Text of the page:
Technology Planning: Plan for a Plan

Proper planning for technology is the key to moving your school forward with technology. That is why we have dedicated so much of the semester to discussing change and planning for change. In fact, by the time you start this paper, you already will have written large parts of it during our online discussions. You are encouraged to begin crafting parts of this paper as soon as we have completed the relevant parts of the online discussion. The paper consists of three parts:

  1. An analysis of your current situation
  2. A discussion of the stakeholders in your current situation
  3. A plan of action for moving forward

You might think about this as a report to your principal with recommendations for how to proceed with the planning process.

Not Currently in a School?
If you are not currently in a school, please consult your instructor for how you can complete this assignment. The assignment, as written, will be difficult to complete outside of a school so accommodations will be made for your completion of this assignment.

Analysis of Your Current Situation

Analyze your school and its openness to change by thinking about 1 or 2 technological changes you would like to see in your school or that your school is attempting. You should use diffusion theory to look at the innovation, and  Ely's Eight Conditions and the five stages in the ACOT model to analyze your school.

In preparation for your plan of action (part 3 of this paper), be sure that you recognize and comment on change as a process by recognizing where your school and individuals in your school have been and where they can go in terms of the models.


You are now going to enlist a group of allies to help you address what is missing in your school with respect to change.

Plan of Action for Technology Planning

Now that you have identified some of the needs and identified the team, formulate a plan of action for creating a technolgy plan. This section is not a technology plan itself. Instead you are going to outline the planning process you would (and hopefully will in your future) take. Following the recommendations of the Guidebook for Developing an Effective Technology plan, you should:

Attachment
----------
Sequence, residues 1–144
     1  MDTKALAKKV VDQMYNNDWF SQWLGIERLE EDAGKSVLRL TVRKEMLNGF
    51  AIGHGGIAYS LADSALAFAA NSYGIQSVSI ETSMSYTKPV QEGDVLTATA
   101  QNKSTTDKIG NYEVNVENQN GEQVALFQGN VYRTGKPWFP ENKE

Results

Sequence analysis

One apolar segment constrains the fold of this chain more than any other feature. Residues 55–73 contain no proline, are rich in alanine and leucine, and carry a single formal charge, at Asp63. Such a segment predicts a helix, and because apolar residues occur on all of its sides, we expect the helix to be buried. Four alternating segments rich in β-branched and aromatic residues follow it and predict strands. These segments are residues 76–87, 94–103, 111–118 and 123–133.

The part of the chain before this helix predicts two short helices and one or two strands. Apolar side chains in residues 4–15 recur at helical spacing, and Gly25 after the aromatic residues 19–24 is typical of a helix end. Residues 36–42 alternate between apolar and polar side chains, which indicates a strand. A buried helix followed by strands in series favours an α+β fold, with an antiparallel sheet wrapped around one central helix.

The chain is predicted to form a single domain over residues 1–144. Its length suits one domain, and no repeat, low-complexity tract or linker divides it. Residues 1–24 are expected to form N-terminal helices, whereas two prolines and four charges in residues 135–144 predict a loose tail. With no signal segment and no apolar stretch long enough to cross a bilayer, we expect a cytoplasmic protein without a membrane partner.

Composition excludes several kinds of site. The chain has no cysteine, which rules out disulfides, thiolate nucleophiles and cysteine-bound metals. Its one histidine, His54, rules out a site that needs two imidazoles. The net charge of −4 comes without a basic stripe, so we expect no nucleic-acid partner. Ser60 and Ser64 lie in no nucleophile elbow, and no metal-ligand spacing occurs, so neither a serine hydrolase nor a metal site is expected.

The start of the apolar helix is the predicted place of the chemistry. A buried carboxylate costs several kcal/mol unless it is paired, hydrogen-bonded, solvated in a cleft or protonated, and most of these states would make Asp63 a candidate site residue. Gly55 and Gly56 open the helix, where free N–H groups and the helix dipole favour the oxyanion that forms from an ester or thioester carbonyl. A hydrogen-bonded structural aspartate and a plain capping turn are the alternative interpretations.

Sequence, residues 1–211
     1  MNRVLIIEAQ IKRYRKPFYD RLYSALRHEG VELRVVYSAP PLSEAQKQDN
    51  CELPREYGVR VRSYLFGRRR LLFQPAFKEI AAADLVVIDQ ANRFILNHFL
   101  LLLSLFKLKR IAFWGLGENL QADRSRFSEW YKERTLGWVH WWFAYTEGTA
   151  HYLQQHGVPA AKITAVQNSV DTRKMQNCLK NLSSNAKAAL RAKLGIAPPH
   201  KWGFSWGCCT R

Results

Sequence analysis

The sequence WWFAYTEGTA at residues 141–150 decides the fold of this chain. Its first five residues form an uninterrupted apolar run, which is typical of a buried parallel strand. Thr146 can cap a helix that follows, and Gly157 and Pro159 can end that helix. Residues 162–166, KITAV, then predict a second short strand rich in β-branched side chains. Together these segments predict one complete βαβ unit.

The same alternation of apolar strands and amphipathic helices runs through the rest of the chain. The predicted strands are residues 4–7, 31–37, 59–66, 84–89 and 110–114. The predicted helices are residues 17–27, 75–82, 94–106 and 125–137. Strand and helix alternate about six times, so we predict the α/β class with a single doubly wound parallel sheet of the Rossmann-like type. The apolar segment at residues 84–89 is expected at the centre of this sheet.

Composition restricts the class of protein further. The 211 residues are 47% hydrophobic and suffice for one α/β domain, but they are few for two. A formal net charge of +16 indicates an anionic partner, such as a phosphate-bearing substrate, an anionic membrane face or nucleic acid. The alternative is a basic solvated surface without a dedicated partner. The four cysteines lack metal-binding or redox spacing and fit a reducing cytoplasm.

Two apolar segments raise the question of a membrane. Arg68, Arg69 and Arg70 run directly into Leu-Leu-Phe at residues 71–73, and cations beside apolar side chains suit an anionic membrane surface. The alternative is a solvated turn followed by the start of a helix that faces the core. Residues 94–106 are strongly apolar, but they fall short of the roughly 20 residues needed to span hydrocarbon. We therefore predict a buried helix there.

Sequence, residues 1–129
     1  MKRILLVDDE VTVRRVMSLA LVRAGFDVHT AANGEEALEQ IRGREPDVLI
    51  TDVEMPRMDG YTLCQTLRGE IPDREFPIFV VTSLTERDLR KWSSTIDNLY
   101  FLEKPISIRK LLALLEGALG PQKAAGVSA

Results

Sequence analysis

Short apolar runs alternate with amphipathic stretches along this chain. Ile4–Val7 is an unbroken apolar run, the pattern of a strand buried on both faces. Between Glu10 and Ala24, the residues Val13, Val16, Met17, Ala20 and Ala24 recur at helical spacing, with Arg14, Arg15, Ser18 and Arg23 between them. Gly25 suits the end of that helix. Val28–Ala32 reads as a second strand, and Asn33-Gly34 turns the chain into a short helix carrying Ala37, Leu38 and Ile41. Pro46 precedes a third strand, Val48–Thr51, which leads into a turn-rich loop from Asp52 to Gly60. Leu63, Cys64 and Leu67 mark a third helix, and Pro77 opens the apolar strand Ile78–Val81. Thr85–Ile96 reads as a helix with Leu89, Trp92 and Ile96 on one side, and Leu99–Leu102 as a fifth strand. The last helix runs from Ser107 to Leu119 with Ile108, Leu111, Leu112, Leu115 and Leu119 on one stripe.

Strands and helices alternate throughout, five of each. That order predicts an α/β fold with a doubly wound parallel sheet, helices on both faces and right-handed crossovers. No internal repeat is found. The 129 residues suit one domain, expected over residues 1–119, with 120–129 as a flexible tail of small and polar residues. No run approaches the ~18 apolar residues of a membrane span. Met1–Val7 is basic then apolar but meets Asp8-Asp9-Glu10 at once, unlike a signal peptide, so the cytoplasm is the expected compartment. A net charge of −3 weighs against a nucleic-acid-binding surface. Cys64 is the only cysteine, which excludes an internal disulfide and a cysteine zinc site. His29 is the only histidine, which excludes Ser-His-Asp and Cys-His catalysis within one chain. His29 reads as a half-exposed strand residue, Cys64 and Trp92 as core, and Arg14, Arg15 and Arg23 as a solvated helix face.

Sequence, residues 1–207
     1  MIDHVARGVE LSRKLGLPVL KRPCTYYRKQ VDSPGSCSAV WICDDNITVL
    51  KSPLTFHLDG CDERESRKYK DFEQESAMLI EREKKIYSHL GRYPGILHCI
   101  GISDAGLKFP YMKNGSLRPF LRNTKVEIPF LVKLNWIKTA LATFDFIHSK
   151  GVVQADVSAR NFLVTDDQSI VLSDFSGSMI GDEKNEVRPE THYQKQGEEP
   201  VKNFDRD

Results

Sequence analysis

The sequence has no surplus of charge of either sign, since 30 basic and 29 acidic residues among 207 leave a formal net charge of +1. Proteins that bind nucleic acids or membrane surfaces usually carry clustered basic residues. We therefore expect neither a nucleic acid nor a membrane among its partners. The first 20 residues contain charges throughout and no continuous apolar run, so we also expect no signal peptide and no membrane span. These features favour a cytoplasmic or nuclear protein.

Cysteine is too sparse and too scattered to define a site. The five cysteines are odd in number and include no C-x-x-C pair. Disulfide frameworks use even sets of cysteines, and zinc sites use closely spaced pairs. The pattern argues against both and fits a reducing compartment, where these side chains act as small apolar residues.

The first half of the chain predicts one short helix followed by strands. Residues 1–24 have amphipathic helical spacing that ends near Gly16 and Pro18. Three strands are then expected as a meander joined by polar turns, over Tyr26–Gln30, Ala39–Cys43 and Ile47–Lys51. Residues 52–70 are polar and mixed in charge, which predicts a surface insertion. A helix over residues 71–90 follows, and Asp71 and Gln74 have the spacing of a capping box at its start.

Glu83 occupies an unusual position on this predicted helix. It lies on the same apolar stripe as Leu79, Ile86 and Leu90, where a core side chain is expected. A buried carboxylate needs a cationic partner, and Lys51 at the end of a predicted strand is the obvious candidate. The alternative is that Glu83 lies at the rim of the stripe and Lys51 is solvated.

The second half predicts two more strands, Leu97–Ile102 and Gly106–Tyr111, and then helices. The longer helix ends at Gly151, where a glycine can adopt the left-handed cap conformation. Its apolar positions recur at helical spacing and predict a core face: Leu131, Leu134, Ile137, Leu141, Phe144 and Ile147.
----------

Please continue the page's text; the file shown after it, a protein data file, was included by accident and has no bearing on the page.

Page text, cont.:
As this section is to "plan for a plan," many students have had difficulty with it in the past. Try to remember that planning is more about the process than the final product. Start by thinking "If I needed to write a technology plan for my school, what would I do." Think about who you would get involved, how you would get them involved, and what types of issues you would have them explore.

Grading Criteria

Each section of this paper is likely to be approximately 5-7 pages long (although the first section will tend to be a little longer, and the second section will tend to be a little shorter). The entire paper should be no less than 15 pages and no more than 25 pages (optional title and reference pages do not count toward page totals). The paper should be double-spaced with 1-inch margins and written in a 12-point font. Be sure to double-check your margin settings before handing in the paper.

The exact nature of your paper will vary based on your own situation. Papers will tend toward an A if they are presented professionally with proper grammar, spelling, and usage; if they demonstrate an understanding of the change process and the planning process described in the textbooks and in class; and if they are specific to your situation, drawing material from your school's existing technology plan, curriculum guide, teacher needs, etc. Click here to view the rubric that will be used to grade this paper.

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This page was prepared by Dr. David M. Marcovitz.

Last Updated: February 12, 2014